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Frisco bankruptcy lawyersIt is a common belief that being married means that you will automatically be responsible for any debt that either of you incurs. While it may be true that the property you acquire during your marriage could be considered joint assets, the same is not always true regarding debts. In fact, in most cases, you can  only held be responsible for your partner’s financial obligations if both of your names are used when incurring the debt. As a result, it is not terribly unusual for just one spouse to file bankruptcy on his or her own, leaving his or her spouse’s name off the filing. Many such situations occur when only one spouse is struggling with debt and in need of a fresh start. A qualified bankruptcy lawyer from The Page Law Firm can help you determine if filing without your spouse is the right choice for you.

Community Property

As you determine whether to file bankruptcy with or without your spouse, you need to look at the big picture. Texas is known as a “community property” state, which means that most, if not all, of the property that you and your spouse acquire during your marriage is considered to be jointly owned by both of you as the “community.” Therefore, when you file for bankruptcy—even in your name alone—you will list all of the assets that you are your spouse own jointly.

File Jointly or Individually?

The decision to file bankruptcy individually or jointly with your spouse will depend on the specifics of your unique situation. In a community property state such as Texas, it is important to consider how the filing will affect your spouse. Filing for bankruptcy together can offer a variety of benefits, including the elimination of many of your joint debts.

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Frisco bankruptcy lawyerHave you made a New Year’s resolution to get your finances in order in 2021? Maybe you lost your job as a result of the COVID-19 pandemic and shutdowns. Or, maybe you relied heavily credit cards as you tried to make ends meet for your family, and now you are feeling overwhelmed by debt. At The Page Law Firm, we realize that the road to financial recovery may include filing for bankruptcy.

Of course, the decision to file for bankruptcy is not one that is easily made. Moreover, the days, weeks, and months following the decision can also be difficult. There may be feelings of fear or concern. Fortunately, we are here to help alleviate some of that stress by providing the guidance and assistance you need.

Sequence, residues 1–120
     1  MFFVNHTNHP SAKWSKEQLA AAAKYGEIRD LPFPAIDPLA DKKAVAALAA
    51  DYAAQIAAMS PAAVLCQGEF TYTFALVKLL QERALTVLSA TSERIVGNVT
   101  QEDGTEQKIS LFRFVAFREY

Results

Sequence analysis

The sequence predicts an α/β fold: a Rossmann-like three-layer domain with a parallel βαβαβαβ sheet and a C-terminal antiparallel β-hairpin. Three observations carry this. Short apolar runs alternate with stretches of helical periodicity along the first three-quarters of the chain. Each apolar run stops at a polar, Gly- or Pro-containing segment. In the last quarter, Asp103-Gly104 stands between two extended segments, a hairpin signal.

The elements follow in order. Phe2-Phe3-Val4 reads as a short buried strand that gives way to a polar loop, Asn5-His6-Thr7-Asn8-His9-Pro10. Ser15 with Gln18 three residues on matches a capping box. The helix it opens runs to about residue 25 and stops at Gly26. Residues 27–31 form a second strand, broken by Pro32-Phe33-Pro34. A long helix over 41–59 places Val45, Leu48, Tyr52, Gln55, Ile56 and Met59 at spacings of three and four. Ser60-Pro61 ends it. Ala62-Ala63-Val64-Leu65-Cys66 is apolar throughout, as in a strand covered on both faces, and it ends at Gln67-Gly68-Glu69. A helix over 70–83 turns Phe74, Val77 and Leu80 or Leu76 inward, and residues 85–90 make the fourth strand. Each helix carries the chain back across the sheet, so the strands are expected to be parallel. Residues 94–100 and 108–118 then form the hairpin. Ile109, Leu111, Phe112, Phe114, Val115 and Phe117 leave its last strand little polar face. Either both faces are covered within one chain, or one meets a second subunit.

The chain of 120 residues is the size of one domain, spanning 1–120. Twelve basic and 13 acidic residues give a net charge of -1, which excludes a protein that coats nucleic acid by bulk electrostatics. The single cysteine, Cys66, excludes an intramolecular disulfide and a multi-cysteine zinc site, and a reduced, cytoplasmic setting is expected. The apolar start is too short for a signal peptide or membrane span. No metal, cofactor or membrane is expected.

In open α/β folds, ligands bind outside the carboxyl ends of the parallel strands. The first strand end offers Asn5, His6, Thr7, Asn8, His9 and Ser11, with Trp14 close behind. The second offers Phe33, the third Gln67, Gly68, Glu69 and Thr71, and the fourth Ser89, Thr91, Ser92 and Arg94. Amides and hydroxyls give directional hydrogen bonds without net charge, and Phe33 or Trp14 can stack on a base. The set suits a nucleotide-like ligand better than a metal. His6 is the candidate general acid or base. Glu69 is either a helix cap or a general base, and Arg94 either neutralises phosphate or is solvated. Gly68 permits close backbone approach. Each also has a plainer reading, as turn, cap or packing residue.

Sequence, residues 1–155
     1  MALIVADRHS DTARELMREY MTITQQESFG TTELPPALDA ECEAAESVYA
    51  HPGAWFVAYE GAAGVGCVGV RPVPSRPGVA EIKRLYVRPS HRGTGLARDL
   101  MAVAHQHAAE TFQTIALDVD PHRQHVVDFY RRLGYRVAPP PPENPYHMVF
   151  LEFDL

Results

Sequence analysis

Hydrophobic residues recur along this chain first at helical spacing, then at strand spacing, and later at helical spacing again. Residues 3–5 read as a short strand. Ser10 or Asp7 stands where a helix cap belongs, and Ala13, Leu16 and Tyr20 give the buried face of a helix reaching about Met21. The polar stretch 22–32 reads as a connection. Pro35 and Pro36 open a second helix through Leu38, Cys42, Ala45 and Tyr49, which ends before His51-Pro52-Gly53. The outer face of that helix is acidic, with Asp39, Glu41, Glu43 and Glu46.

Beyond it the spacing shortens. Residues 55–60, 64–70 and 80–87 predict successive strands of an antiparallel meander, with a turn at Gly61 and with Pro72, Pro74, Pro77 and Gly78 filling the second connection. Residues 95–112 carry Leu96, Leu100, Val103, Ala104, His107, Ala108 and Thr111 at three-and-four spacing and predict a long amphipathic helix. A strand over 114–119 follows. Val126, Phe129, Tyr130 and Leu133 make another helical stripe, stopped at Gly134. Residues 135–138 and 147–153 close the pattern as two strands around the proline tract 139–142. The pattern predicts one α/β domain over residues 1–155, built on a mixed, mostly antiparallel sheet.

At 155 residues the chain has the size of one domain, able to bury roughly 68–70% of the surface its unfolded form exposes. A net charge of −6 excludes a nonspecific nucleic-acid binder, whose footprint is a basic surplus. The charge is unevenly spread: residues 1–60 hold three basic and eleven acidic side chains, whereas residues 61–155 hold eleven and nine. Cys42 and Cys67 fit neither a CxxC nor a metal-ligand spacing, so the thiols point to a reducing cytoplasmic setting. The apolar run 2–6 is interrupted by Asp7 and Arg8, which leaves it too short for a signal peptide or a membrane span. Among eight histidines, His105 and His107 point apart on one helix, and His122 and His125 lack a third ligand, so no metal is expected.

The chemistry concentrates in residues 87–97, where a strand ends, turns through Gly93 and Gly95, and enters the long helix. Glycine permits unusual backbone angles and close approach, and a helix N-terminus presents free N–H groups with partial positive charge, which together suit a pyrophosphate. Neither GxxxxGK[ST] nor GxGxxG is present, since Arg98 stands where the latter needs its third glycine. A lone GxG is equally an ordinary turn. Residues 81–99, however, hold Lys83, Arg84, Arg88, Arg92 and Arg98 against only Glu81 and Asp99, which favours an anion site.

Start by Contacting an Attorney

While there are many steps to take during the bankruptcy process, your first should be to contact an experienced bankruptcy lawyer. Not only does this help you prevent missteps during the bankruptcy process, it can expedite the next steps. Contacting our firm can get you on your way to less stress from the creditor calls and collection letters. 

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Choosing Whether to File for Bankruptcy Before or After DivorceDivorce and bankruptcy are both legal processes that can help you reconstruct your life. In some cases, people need both divorce and bankruptcy at the same time. In fact, either one can lead to the other:

  • Financial stress can cause conflict in a marriage; or
  • Divorce can be expensive and leave each side with less income to use towards debt repayment.

If you know you are likely to file for both divorce and bankruptcy, choosing which one you do first can affect how your bankruptcy case is settled and which form of bankruptcy you qualify for.

Bankruptcy Before Divorce

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Collin County bankruptcy lawyerBefore a debtor can file for bankruptcy, they must complete a pre-bankruptcy credit counseling session with an approved provider. Sadly, most simply see this as a part of the process when, in fact, it is a prime opportunity. In fact, for some, the pre-bankruptcy counseling session could be exactly what is needed to avoid filing for bankruptcy. However, even when that is not the case, debtors stand to learn a lot about their financial future. Learn more about how to make the most out of your pre-bankruptcy credit counseling session, and discover how an experienced attorney can assist you with the bankruptcy process.

What Happens During Pre-Bankruptcy Credit Counseling?

Although pre-bankruptcy credit counseling sessions may vary slightly in their curriculum, all include an analysis of your current financial situation, a discussion on what alternatives may be available to you, and a personal budget plan. Debtors may be asked to complete these elements of the course over the phone, in person, or online. Once the debtor has completed the course, they should be issued a certificate of completion. (Note that debtors should not be charged an additional fee for their certificate of completion.)

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National Association of Consumer Bancruptcy Attorneys State Bar of Texas
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